# Are there any digital signatures valid for multiple pieces of data?

Are there any digital signature algorithms that can be used to produce signatures valid for multiple pieces of data?

For example: Pick a private key $k_{private}$, which has public key $k_{public}$. Produce one signature $S$ which is valid for $h_1, h_2, \dots , h_N$, which are hashes of messages $m_1, m_2, \dots , m_N$.

Looking for a solution where the signature size is constant, or at least growing slowly as the # of messages increases. There may also be millions of messages, and they would typically be added one at a time.

I think you could do it with merkle signatures. I'm especially interested in solutions using elliptic curves.

• Every signature algorithm which uses hash functions (ECDSA, for example) produces signatures which are valid signatures for different messages. – Student20 Jul 25 '16 at 23:23
• @Student20, but you could never find one :P I assume you're talking about the message space being larger than the hash space that the messages are mapped into. In order to use that, I'd have to break the irreversibility of a hash function, and if that can be done, then the scheme isn't secure because you could find infinitely many messages that are all valid for the same signature. I am looking to create signatures that are only valid for any one element in a defined, although appendable, set of elements. Each time you'd append, you'd produce a new signature that is valid for the N+1 elements. – morsecoder Jul 25 '16 at 23:55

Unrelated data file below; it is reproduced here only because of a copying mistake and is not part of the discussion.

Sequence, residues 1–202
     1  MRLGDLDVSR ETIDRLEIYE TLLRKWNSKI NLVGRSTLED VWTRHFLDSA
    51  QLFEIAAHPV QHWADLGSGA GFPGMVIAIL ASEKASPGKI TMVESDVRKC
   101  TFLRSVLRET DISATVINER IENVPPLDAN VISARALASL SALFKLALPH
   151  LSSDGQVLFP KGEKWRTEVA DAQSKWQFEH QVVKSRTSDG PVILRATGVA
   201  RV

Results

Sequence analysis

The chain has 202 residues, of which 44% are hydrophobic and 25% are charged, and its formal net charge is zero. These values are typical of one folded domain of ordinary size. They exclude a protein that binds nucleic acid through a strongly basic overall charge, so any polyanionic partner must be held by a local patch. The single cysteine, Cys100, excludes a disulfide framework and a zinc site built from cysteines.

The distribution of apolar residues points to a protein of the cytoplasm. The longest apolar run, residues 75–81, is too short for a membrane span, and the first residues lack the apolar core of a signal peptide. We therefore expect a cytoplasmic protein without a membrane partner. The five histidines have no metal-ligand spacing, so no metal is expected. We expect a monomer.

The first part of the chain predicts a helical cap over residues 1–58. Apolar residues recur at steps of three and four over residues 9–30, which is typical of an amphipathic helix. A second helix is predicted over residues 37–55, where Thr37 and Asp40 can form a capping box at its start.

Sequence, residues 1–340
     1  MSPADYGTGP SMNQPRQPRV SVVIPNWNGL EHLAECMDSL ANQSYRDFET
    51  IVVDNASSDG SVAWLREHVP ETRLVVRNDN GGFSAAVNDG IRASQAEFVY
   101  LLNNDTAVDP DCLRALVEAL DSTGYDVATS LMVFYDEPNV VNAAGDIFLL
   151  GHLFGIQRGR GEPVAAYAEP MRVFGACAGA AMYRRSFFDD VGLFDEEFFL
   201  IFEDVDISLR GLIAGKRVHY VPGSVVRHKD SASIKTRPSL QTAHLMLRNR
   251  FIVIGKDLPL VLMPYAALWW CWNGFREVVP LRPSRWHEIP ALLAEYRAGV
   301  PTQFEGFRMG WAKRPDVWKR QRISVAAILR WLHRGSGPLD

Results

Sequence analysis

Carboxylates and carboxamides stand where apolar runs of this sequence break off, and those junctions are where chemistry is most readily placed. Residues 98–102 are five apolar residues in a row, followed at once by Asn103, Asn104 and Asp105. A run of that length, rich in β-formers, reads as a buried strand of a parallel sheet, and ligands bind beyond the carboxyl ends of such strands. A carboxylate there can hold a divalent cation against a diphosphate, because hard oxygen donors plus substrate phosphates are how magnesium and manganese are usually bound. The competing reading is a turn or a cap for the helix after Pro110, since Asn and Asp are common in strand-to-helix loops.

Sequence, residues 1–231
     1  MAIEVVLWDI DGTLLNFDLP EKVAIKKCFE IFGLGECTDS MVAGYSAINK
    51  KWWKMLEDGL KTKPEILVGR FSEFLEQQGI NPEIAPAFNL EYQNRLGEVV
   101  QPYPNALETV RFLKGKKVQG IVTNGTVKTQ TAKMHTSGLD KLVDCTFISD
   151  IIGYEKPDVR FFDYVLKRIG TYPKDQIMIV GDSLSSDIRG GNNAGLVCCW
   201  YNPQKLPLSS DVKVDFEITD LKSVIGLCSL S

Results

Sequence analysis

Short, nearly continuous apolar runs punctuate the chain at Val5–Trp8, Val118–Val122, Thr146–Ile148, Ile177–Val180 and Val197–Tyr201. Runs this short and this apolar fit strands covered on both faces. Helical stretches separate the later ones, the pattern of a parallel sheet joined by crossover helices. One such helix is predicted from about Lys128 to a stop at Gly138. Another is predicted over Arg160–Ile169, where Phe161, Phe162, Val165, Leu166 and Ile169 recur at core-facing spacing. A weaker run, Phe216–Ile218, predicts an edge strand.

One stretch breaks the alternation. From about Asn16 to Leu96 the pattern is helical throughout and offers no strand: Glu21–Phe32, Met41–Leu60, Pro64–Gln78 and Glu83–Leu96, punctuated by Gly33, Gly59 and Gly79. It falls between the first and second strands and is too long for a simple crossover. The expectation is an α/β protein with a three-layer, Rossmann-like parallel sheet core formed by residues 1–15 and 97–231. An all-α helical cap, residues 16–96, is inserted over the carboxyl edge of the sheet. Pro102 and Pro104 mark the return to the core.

• Another obvious solution is to use "composite" signature which consists of signatures of messages $h_1, \ldots, h_N$. Then you just check whether any of these signatures is valid signature of some message $h$. – Student20 Jul 26 '16 at 0:17
• This is pretty much the opposite of what signature algorithms are meant to do. It would make the signature repudiable. (Symmetric MAC algorithms quite often allow this. Signatures not so much.) – otus Jul 26 '16 at 5:08
• I don't see why hash trees would not work here. Just sign the root of the hash tree. If a hash tree doesn't suffice, could you list additional requirements that you are looking for? – Maarten Bodewes Jul 26 '16 at 9:02